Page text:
Canadian ambassador Kevin Vickers reacted instinctively when he tackled a protester during a state ceremony in Dublin yesterday to mark the deaths of British soldiers in the Easter Rising.
The distinguished former member of the Royal Canadian Mounted Police sprang into action and pulled the man away from the centre of the commemoration at Grangegorman Military Cemetery.
Mr Vickers, whose family are descended from Co Cork emigrants, was hailed as a hero when he stopped an attack on the Parliament of Canada in October 2014.
Canadian Ambassador to Ireland Kevin Vickers tackles protester at ceremony to honour British soldiers killed in 1916https://t.co/idQ3g16gG8— RTÉ News (@rtenews) May 26, 2016
In his previous role as the sergeant-at-arms of the House of Commons, he shot a gunman who had already killed a soldier guarding the building.
Around midday yesterday, a protester who claimed to represent the Irish Republican Prisoners Welfare Association, stood up from seating reserved for invited guests and shouted that the ceremony was an insult.
He also shouted about “the Craigavon Two” — a pair convicted of murdering PSNI constable Stephen Carroll in 2009 and sentenced to life imprisonment.
When the man ran up to the podium, Mr Vickers grabbed him by the sleeves of his leather jacket and dragged him away. Moments later, gardaí wrestled the man to the ground and handcuffed him.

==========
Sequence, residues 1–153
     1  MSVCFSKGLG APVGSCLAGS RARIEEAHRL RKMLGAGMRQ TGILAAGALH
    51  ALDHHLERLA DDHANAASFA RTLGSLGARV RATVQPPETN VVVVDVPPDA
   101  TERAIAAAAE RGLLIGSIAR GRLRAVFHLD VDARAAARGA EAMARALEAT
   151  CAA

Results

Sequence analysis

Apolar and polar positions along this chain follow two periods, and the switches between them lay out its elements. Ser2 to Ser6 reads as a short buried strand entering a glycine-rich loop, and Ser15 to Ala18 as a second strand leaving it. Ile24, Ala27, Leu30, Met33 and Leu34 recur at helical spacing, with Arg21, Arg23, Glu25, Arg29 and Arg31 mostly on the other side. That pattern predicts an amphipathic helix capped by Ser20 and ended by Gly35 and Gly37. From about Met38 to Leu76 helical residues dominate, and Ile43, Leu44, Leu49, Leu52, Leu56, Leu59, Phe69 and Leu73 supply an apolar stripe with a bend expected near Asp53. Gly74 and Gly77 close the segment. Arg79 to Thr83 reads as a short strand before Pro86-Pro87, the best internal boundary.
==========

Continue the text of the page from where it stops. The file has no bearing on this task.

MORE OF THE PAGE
The protester attempted to interrupt proceedings just before the wreath party arrived.
The colour party was carrying a union flag.
Members of the Irish Defence Forces, together with members of the British armed forces, participated in the ceremony that included historical accounts by British soldiers involved in the 1916 Rising.
It is understood that the protester had managed to obtain an invitation by claiming to be a relative of one of those killed.
Gardaí said a man in his mid-40s was arrested following a public order incident in the cemetery.
The man was later charged in relation to the incident and is due to appear in Blanchardstown District Court next Tuesday.
A short statement from the government of Canada said that Mr Vickers, who was appointed as ambassador of Canada to Ireland in January 2015, was not injured during the incident.
Foreign Affairs Minister Charles Flanagan laid a wreath during the ceremony.
The British ambassador, Dominick Chilcott, also laid a wreath on behalf of the British government.
Mr Flanagan said 125 soldiers of the British armed forces died during the Rising and they came from every province on the island of Ireland, as well as England, Wales, Scotland, and further afield.
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